Tar Heel Tip of the Week: Your Home’s Indoor Air Quality

Tuesday, September 22nd, 2015


You breathe crawl space air, like it or not. 

stack effect

As warm air rises in the home, it leaks out of the upper levels. New air must enter to replace the air that escaped. This creates suction on the lower levels to draw in replacement air.

What this ‘stack effect’ does is create an airflow in your home from bottom to top. Air from the basement or crawl space is drawn upwards into the first floor, and then to the second floor. Building scientists say that up to 50% of the air you breathe on the first floor is the air that came from the crawl space.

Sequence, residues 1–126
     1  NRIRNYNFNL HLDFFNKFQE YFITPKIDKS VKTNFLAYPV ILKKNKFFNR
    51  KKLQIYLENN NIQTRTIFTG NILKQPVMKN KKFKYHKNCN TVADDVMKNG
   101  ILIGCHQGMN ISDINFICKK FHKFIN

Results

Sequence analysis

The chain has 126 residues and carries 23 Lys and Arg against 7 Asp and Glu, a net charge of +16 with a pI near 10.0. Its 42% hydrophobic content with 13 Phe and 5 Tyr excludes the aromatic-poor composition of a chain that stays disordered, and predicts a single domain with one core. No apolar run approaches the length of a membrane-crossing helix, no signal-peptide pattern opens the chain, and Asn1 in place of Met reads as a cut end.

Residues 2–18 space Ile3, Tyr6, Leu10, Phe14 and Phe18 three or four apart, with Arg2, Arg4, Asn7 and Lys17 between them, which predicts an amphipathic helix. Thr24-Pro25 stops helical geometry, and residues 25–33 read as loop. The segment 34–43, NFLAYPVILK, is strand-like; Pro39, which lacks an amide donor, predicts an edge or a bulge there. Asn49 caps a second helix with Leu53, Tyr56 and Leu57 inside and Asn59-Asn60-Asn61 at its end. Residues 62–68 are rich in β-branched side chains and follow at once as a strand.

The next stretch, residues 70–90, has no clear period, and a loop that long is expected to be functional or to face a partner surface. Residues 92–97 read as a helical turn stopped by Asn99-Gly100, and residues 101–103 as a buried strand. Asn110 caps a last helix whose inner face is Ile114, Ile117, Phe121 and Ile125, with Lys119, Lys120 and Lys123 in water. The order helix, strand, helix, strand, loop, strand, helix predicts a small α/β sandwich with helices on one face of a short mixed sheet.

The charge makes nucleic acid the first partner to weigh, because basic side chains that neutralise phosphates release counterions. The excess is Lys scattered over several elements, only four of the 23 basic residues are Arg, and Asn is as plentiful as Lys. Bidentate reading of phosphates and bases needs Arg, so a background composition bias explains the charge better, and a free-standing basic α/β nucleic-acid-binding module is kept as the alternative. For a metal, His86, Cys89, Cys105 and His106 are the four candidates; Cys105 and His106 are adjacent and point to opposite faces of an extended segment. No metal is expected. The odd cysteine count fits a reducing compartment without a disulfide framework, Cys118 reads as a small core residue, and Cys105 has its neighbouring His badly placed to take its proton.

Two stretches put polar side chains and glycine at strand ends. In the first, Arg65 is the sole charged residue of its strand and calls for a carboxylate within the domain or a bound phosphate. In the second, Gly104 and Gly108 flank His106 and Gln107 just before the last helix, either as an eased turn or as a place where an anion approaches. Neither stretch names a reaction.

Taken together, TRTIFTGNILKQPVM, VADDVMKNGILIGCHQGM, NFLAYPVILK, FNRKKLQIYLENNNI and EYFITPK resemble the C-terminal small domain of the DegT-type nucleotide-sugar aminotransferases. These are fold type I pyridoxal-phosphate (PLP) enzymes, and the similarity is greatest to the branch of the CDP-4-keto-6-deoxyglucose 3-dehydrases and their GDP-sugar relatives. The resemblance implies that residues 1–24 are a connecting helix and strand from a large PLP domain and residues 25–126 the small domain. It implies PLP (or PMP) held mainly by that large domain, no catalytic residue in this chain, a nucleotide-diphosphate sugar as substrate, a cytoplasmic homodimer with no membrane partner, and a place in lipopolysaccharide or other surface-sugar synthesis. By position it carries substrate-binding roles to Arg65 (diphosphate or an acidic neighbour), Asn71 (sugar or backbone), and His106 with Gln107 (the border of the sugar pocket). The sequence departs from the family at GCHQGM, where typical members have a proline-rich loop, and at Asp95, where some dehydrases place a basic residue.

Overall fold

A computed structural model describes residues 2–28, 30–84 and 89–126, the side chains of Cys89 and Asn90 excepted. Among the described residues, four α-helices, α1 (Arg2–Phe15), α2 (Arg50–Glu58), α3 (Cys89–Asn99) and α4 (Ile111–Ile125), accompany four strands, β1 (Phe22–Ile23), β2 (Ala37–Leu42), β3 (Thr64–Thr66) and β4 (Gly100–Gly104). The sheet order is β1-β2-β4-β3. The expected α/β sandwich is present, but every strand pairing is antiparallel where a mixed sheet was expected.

Therefore, whatever is in your crawl space air is in your house and affecting you and your family, whether you spend any time in your crawl space or not. If there is high humidity in the damp crawl space, there are higher than normal humidity levels upstairs. If there is mold in the crawl space, there are mold spores upstairs.

Air enters the crawl space through the open vents, and then it makes its way upstairs. Air is a very small thing and can find ways into the crawl space through holes around wires and pipes as well.

If you’re interested in improving your home’s indoor air quality from the ground up, call our office to schedule a free estimate appointment with one of our crawl space specialist.